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“He really did.” Except for the eyes.The would-be robber had distinctive blue eyes and was wearing a blue and white bandana that covered most of his face, according to mul-tiple witnesses. Lee has brown eyes. The photos city police investigators put in front of the women to identify Lee were black and white. Lee was held at the county jail for 40 days before his release on Tuesday. Lake City Police Department policy does not specify that a photo lineup has to be in color, Steve Shaw, the department’s public information officer said. He would not speculate as to whether color photos should have been used in this case. According to LCPD policy, however, a photo lineup “shall be presented to only one witness at a time,” and if multiple witness are present at the same place at the same time, “... they shall be kept separate to assure that they are not aware of the responses of the other witnesses ....” One of the guests at the jewelry party, Christa Herring, said a police officer came to Hagler’s house that night with a photo lineup contain-ing six black-and-white photos, and placed the array on the kitchen coun-ter. Herring said the officer then asked the four to six women who were still there, as a group, if they recognized anyone in the photos. Herring said she doesn’t remember who, but one of the women point-ed to the photo of Lee and said he resembled the man who attempted to rob them. Shaw said the officer had only taken one photo array and had to leave to make copies of it for each of the other witnesses. Shaw said LCPD’s Criminal Investigations Division reviewed the case and said the “photo line-up was conducted to police policy.” He also said the state attorney’s office told police officials Wednesday the department “had done nothing wrong as it relates to probable cause to arrest.” Sharron Ballance, who had the gun pointed at her head during the robbery attempt, said she doesn’t remember the exact sequence of events, but does remember identify-ing the suspect on her own from the photo array. She said all the other women were in the room when the photo lineup was presented to her. Ballance said police arrived on the scene within minutes and were sup-portive of the victims. “I do commend them on how fast they arrived and how supportive they were,” she said. Hagler said she could not remember details of how the photo lineup was conducted, but thought she identified Lee while away from the other women. Later that night, Herring said, officers came back to the house and told the remaining witnesses they had apprehended a suspect who had tried to rob someone at an ATM. “We need you to tell us if he was the one,” Herring said the officer told the women. “I said, ‘I would have to see his eyes,’” she said. Herring said she was nearest to the armed intruder and had a direct view of him. She said his eyes were blue. “I was told that he (Lee) had brown eyes,” Herring said. “That poor guy.” Ballance said she did identify Lee as the suspect in the photo array, but when she was taken by police cruis-er to identify him outside his house, she couldn’t say for sure he was the man who tried to rob them. Herring said she did not identify Lee as the suspect, either in the photo array or in person. Police officers had also taken witnesses to view two other suspects, botho of whom Herring said were clearly not the man who had been in Hagler’s house. That night, Lee was arrested for home invasion and attempted rob-bery. He is no longer a suspect in the case, according to State Attorney Jeff Siegmeister. According to LCPD Officer Craig Strickland, Lee is no longer a suspect in the attempted robbery of a woman in a bank park-ing lot that night, either. a live television morning show. The 700 Club went on the air first in 1966, and is one of the longest con-tinuously on-air programs in television history. Rod Thomas, a segment producer with the 700 Club, was in charge of captur-ing the story for the televi-sion program. Thomas said the film crew flew down to Florida from Virginia Beach, Va., on Tuesday and filmed another story in Jacksonville. “We travel around and tell stories about the power of God changing people’s lives,” Thomas said. Thomas said he’s worked as a producer and writer for the 700 Club for about seven years. He said he expects the film they took on Wednesday to be broad-cast in about four to five weeks. “What we are trying to do is to tell our viewers the story of these particular ladies and how they would not give into an armed rob-ber,” Thomas said. “And to portray the power of Jesus.” Page Editor: Jim Barr, 754-0424 LAKE CITY REPORTER NEWS THURSDAY, MARCH 7, 2013 3A3A OFFER NOT AVAILABLE ON EXISTING CAMPUS LOANS. OFFER IS FOR NEW LOANS ONLY AND FOR A LIMITED TIME. MAY NOT BE COMBINED WITH ANY OTHER OFFER. 1. Credit app roval required. Your rate may be higher based on creditworthiness, boat and term of loan. For example, a $30,000 loan with no money down at 4.49% for 84 months would require 83 monthly payments of $419.82 and a final payment of $406.42, finance charge of $5,14 5.43, for a total amount of payments of $35,251.48. The amount financed is $30,106.05, the APR is 4.59 %. APR = Annual Percentage Rate. 2. Credit approval and initial deposit of $5 required. Mentio n this ad and we’ll waive the $15 new member fee. This credit union is federally insured by the National Credit Union Administration.Membership is open to anyone in Alachua, Columbia and Suwannee counties!2 Lake City 183 SW Bascom Norris Dr.G’ville E. Campus 1200 SW 5th Ave. W. Campus 1900 SW 34th St. Jonesville 107 NW 140th Terrace Hunter’s Walk 5115 NW 43rd St. Tower Square 5725 SW 75th St. Shands at UF Room H-1 Springhills Commons 9200 NW 39th Ave. Alachua 14759 NW 157th Ln. Ocala 3097 SW College Rd. East Ocala 2444 E. Silver Springs Blvd. West Marion 11115 SW 93rd Court Rd. Summer eld 17950 US Hwy. 441 Best-of-Market rates for BOATS 4.59%As low asAPR1For up to 84 months on any 2009 or newer!Limited time offer! Thru March 30 } Forfast approvalcall 754-9088 and press 4 orvisit campuscu.com today! Come see us at the McDuffie Boat SaleMarch 7 10 Call 754-2215 for info. This should get your motor running. Tyler Hagler, 23, Jacquie Hagler’s stepson, plays the role of the gunman in a re-enactment of the Jan. 25 home invasion and attempt-ed armed robbery. By TONY BRITTtbritt@lakecityreporter.comA Department of Corrections Work Release Center inmate was arrested Tuesday afternoon approxi-mately four hours after he failed to return from a sched-uled work detail. Edward M. McMillan, 37, 3757 NW Huntsboro St., was charged with escape in connection with the case. He was booked into the Columbia County Detention Facility without bond. According to Lake City Police Department reports, around 2:03 p.m. officer Nikki Gunter was dis-patched to the DOC Work Release Center at 1099 DOT Glen, in reference to an escaped prisoner. Gunter spoke to an official at the work release center who reportedly told her McMillan was expect-ed to return to the facility around 12:30 p.m. after he was permitted to leave on a work furlough. The offi-cial told Gunter McMillan left around 10:30 a.m. and no contact had been made with him by the time offi-cials filed the report. During the investigation a Be On The Look Out advisory was issued by the Lake City Communication Center and around 4:30 p.m. McMillan was found at a Washington Street funeral home by an off duty correc-tions officer. McMillan was detained and taken to the Columbia County Detention Facility without incident. Reports indicate authorities performed a drug test on McMillan at the request of DOC officials. The test returned a positive result for cocaine, according to authorities, and McMillan reportedly said he went to a woman’s house and smoked crack cocaine. McMillan Escapee captured after short search STANDOFF: Man charged Continued From Page 1Apatched to a local residence in reference to a sexual battery involving a child. The deputy spoke to the child, who reportedly told him that Parsons had had sexual contact with her. Authorities later learned that Parsons was upset and making statements about harming himself. He alleg-edly told authorities he had taken pills and that if anyone tried to stop him he was “going out with a firefight.” Several deputies responded to a house on U.S. 441 south of Lake City on Tuesday. Due to the resi-dence being on a main thor-oughfare, deputies closed the highway near County Road 18 for about 20 min-utes. A law enforcement officer spoke to Parsons on the telephone to conduct a well being check and to make sure he wasn’t armed. He told authorities he had been having problems with his wife and he wanted to be left alone. Authorities were able to talk Parsons out of his home, and he was taken into custody. Additional charges may be filed after completion of the sheriff’s office investi-gation, reports said. TV: ‘700 Club’ crew films robbery re-enactment Continued From Page 1A ID: Women sorry police arrested wrong man Continued From Page 1A JASON MATTHEW WALKER/ Lake City Reporter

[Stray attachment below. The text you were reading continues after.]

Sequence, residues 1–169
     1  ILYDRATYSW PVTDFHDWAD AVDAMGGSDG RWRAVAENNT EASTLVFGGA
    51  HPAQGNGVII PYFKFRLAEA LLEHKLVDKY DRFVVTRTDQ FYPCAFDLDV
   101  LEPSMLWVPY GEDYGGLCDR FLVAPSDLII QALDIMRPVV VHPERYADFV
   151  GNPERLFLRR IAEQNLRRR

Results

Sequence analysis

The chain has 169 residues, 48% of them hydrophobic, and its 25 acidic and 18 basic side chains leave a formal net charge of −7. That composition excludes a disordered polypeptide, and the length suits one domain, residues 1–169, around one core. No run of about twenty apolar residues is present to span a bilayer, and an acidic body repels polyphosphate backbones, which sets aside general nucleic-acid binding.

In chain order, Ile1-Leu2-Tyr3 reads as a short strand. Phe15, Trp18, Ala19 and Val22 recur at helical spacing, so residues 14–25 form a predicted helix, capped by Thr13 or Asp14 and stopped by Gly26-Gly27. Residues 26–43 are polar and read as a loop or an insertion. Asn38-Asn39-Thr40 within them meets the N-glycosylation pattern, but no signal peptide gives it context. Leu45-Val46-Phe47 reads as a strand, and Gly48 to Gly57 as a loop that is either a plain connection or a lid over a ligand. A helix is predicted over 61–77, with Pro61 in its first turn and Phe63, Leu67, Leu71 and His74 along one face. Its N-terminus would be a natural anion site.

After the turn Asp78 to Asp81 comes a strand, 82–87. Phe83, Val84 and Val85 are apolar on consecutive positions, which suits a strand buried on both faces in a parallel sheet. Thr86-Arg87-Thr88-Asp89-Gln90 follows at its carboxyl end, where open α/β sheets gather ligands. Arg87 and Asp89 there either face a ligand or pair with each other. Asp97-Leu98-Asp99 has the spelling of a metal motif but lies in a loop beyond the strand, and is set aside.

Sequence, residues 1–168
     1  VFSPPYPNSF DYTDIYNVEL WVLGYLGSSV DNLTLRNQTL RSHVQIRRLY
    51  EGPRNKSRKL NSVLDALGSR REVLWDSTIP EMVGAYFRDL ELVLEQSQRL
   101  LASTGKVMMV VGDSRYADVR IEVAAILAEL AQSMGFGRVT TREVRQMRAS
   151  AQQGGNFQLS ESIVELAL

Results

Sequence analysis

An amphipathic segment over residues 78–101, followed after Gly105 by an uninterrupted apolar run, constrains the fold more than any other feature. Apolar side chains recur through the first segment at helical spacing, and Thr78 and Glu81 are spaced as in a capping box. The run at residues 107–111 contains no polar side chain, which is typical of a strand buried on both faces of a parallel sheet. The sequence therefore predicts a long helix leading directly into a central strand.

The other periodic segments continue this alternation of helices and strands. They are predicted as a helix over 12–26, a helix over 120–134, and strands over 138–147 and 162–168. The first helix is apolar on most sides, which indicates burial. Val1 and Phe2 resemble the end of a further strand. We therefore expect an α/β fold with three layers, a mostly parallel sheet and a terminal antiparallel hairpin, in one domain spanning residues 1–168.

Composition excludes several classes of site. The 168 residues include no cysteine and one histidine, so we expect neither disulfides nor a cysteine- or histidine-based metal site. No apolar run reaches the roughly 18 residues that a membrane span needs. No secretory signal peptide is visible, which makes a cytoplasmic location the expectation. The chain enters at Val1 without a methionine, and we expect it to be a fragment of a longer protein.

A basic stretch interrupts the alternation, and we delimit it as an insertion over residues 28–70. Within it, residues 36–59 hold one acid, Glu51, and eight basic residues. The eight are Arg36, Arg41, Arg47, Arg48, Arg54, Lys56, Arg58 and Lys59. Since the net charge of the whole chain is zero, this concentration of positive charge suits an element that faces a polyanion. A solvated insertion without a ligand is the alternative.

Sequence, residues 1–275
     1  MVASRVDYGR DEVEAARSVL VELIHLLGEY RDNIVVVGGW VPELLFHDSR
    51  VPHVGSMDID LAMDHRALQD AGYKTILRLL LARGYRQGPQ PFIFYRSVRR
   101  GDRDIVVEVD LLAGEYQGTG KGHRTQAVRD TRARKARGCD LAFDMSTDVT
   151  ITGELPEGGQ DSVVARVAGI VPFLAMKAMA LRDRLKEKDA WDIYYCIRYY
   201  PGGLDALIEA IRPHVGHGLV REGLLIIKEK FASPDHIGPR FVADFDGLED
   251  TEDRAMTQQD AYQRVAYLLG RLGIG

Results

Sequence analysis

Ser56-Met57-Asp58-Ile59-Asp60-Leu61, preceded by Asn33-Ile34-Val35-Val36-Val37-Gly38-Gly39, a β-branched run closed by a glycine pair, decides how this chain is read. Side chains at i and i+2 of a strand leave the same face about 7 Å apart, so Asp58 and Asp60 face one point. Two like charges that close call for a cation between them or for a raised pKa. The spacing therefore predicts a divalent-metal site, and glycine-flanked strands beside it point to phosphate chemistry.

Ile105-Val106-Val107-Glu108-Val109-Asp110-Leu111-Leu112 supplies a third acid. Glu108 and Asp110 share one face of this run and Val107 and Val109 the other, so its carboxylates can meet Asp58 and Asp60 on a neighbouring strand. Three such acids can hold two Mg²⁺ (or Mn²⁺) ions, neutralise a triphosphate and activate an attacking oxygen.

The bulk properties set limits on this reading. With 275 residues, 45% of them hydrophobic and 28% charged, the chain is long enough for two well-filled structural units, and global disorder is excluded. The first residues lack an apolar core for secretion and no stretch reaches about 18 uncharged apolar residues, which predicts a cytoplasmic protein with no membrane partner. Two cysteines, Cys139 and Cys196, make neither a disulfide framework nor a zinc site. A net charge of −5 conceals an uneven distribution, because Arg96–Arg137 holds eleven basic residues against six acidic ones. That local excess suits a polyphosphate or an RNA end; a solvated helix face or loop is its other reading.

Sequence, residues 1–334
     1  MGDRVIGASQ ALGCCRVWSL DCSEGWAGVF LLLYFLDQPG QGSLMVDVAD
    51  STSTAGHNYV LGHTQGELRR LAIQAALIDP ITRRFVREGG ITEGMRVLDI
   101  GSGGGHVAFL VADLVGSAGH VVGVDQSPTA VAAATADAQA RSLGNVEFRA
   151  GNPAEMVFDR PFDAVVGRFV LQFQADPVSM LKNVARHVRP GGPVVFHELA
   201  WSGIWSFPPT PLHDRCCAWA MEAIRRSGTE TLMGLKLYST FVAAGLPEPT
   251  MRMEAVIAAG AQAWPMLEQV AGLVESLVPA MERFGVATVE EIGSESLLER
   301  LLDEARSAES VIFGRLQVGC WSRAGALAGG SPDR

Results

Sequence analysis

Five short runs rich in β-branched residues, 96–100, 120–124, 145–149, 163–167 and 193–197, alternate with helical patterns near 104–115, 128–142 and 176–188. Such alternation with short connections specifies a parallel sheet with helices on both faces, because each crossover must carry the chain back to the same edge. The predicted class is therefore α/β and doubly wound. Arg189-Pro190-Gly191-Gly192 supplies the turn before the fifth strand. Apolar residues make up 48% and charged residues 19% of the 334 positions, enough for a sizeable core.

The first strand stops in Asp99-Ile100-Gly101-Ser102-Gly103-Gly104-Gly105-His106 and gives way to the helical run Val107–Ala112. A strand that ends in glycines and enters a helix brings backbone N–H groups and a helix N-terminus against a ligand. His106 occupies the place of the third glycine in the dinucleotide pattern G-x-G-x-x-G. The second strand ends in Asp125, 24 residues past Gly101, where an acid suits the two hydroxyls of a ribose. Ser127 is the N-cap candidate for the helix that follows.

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I n early February, news trick-led out of Pakistan’s remote tribal belt of two lethal drone strikes that killed up to nine people, including two senior leaders of al-Qaida. Nothing terribly unusual about that. The Bureau of Investigative Journalism, which maintains a tally of drone strikes, says there have been 364 drone strikes in Pakistan since 2004, 312 of them carried out on President Barack Obama’s watch. The drones have become a weapon of choice of the Obama admin-istration, which has greatly broad-ened the areas where they are deployed and loosened the rules of engagement, including their use against U.S. citizens abroad. The widespread use of drones has become an issue on Capitol Hill and threatened to delay the confir-mation of National Security Adviser John Brennan to be CIA director. That obstacle seemed to have been overcome this week when the White House granted the Senate Intelligence Committee access to all of the top-secret legal opinions governing the use of drone strikes to kill suspected terrorists over-seas. Following the February strikes, there was the usual outrage in the Pakistani media and the almost-automatic formal protest to the U.S. Embassy by the Pakistani foreign ministry. However, according to The New York Times, there was something significantly different about these strikes: The U.S. wasn’t involved. Three American officials with knowledge of the drone program told the Times that the U.S. did not carry out those attacks. “They were not ours,” said one, who insisted the U.S. had not engaged in “kinetic activity” -actual attacks as opposed to surveillance by the drones -since January. If not the U.S., who? Suspicion immediately fell on the Pakistani military, which has a drone capac-ity of its own, and, given the unpop-ularity of drone strikes with the Pakistani people, had every reason to blame the attacks on Americans. The Times noted a certain irony in this, because in the early years of the drone attacks the Pakistani military would falsely claim respon-sibility to conceal CIA involvement and perhaps to enhance its own image for technical prowess. When the fog of possible disinformation dissipates, it may become clear that Pakistan and likely other nations are develop-ing a sophisticated drone capacity -and that because the U.S. is the nation most closely associated with the pilotless aircraft, we will con-tinue, rightly or wrongly, to take the blame. A s we grow in this county, there is a growing prob-lem. Trash and junk everywhere! Our road-ways are covered in litter left there by uncaring, irrespon-sible and possibly just plain ignorant people. Throwing trash out of your vehicle is causing your tax dollars to be spent to address a messy issue that should not be occurring in the first place. Those that use residential neighborhoods as a shortcut, especially in the morning and afternoon during your commute and choose to deposit your trash in those neighborhoods, shame on you. Of course those folks that live in exclusive areas of town have restrictions and road diversions to prevent this. But those of us that live in older neighborhoods, we are at the mercy of habitual litterbugs. There should be a county ordinance to require people to purchase a hard-sided container in which to place trash at the roadside. Are you listening, county commissioners? (Most likely not.) Placing trash bags out, especially if they are left at the roadside days before scheduled pick up, is just an invitation to ani-mals to tear open the bags and dis-tribute the trash. You can purchase containers that are not expensive and this would improve the litter problem greatly. Further, those that have just plain junk in their yard, on their carport, under tarps, along the street and roadways you need to get rid of the junk. Your house is your own, but when that mess makes it look like a perpetual flea market on your street, you are being totally inconsiderate of your neighbors. If you are NEVER going to use the stuff, not going to sell the stuff, or never going to fix and drive that abandoned vehicle, stop continually adding to the mess and GET RID OF IT! Fred Sanford was a television character. We don’t need Fred Sanfords in our neighborhoods. Where is code enforcement when you need them? This countywide problem could be solved with a little effort from everyone and cost us basically noth-ing. Here are some suggestions: • Go through your junk outside your residence, especially if you live in close quarters in a residential neighborhood, and throw out items that are unusable and consider sell-ing the remainder at the flea mar-ket; get it away from your house. You may have a financial windfall that you were not even aware of. • If you stop at a convenience store or fast food restaurant in the morning or afternoon and eat your foods on the way to work/school or going home, put the trash back in your bag and hold it in your car until you get to work/school or home and put it in the trash. This takes basically little to no effort. It’s called being responsible. • Use your ashtray if you smoke tobacco. A cigarette or cigar butt, with the trash that is generated from their packaging, is a big part of the problem. Chewing tobacco wads, their packages, and spit con-tainers are also a problem. Don’t throw that stuff out. Not only is a lit cigarette or cigar butt a fire hazard and tobacco wads sickening, they are just plain nasty. • Since drinking alcoholic beverages while driving is illegal anyway, litter from bottles and cans should not be a problem in the first place; but it is. Drink responsibly and not while driving; dispose of you con-tainers properly. • If you are NEVER going to drive that disabled vehicle that has been sitting in your yard for years, sell it. It is an eyesore and haven for rodents or other animals that find those areas inviting. It is also a haz-ard to curious children. • When you go out in the morning to get the paper and see litter in the road in front of your house, go ahead and pick it up and place it in your trash can. Simple and easy. It called being a responsible citizen. • When your yard sale is over, go back and pick up your signs. Don’t leave them on the roadside or taped to a public traffic sign or utility pole for weeks to be an eyesore. You put it there, you take it away. • If you do not have a hard side container to roll to the curb for your weekly trash pick-up purchase one, it does not cost a fortune. Common sense should tell you that if you leave a bag of garbage at the curb for a long time, animals will get into the trash and spread it everywhere. Now there are those that will say their rights to be litterbugs and pack rats are their rights. Also, what they do on their property is their business. That may be true, but there are laws, unfortunately with little enforcement, that govern these things. Your trash and junk should not be a problem for some individual(s) or the taxpayers as a whole. Are there bigger problems in the world? You bet, but this is one that easily correctable and would cost us basically nothing but an increased awareness and minimal effort to clean up Columbia County. OPINION Thursday, March 7, 2013 www.lakecityreporter.com 4A U.S. denies role in 2 drone strikes Lake City Reporter Serving Columbia County Since 1874 The Lake City Reporter is published with pride for residents of Columbia and surrounding coun-ties by Community Newspapers Inc. We believe strong newspapers build strong communities —“Newspapers get things done!” Our primary goal is to publish distinguished and profitable community-oriented newspapers. This mission will be accomplished through the teamwork of professionals dedicated to truth, integrity and hard work. Todd Wilson, Publisher Robert Bridges, Editor Jim Barr, Associate Editor Sue Brannon, Controller Dink NeSmith, President Tom Wood, Chairman G ov. Rick Scott did a good job staking out his re-election message Tuesday in a State of the State speech. “It’s working,” he said, and offered evidence. Unemployment is down, the state’s education ratings are up and Scott reports that CEOs now rank Florida the second-best state in the nation for business. For the first time in six years the state has a budget surplus. We believe the governor’s session priorities — cutting manufacturing taxes and raising teacher pay — are solid. Yet, for all that, the governor hewed closely to familiar themes. He neglected to address some of the loom-ing issues likely to ambush the state. What about the Citizens Property Insurance overexposure, which could end up hitting all ratepayers should a major storm strike? Scott ignored [this and many other] matters, an option the state won’t have. We don’t mean to be harsh. Overall, we thought the speech a success.... Democrats may argue over how much credit Scott deserves for Florida’s economic rebound, but as the governor aptly put it, that there is a debate about who deserves credit for the new jobs “celebrates the fact that our economy is once again creating jobs.” The governor surely does not deserve all the credit, but we find it impossible to believe his tax-cutting, business-friendly policies did not help. We trust his plan to cut manufacturing taxes will provide an additional inducement for businesses to locate or expand here.... Scott surprised and angered his tea party followers by agreeing to accept the federal expan-sion of Medicaid under Obamacare, something the Legislature appears reluctant to do. His decision is being widely interpreted as political opportunism, but the federal health care plan remains almost as unpopular with independent voters as with Republicans. His sincerity should not be discounted. It was disappointing Scott addressed the decision only briefly, saying after losing the fight against the Affordable Health Care Act in the Supreme Court and in the November election: “… Our options are either having Floridians pay to fund this program in other states while denying health care to our citizens or using federal funding to help some of the poorest in our state with the Medicaid program as we explore other health care improvements.” We would have liked to have heard Scott, a former health care executive, expand on what could be done to ensure Medicaid expansion does not become, as House Speaker Will Weatherford fears, a growing drain on taxpayers — or what should be done in the event the Legislature rejects expanding the program. Surely, Scott has some strategies in mind. He provided no clues Tuesday. And that was reflective of a speech that played it safe, and provided little to disagree with but much to question. Scott’s solid, but cautious, addressWe live in a trashy county ANOTHER VIEW LETTERS POLICY Letters to the Editor should be typed or neatly written and double spaced. Letters should not exceed 400 words and will be edited for length and libel. Letters must be signed and include the writer’s name, address and telephone number for verification. Writers can have two letters per month published. Letters and guest columns are the opinion of the writers and not necessarily that of the Lake City Reporter BY MAIL: Letters, P.O. Box 1709, Lake City, FL 32056; or drop off at 180 E. Duval St. downtown. BY FAX: (386) 752-9400. BY EMAIL: news@lakecityreporter.com 4AEDIT Q Tampa Tribune Richard Poole Q Richard Poole lives in Lake City. Q Dale McFeatters is editorial writer for Scripps Howard News Service. Dale McFeattersmcfeattersd@shns.com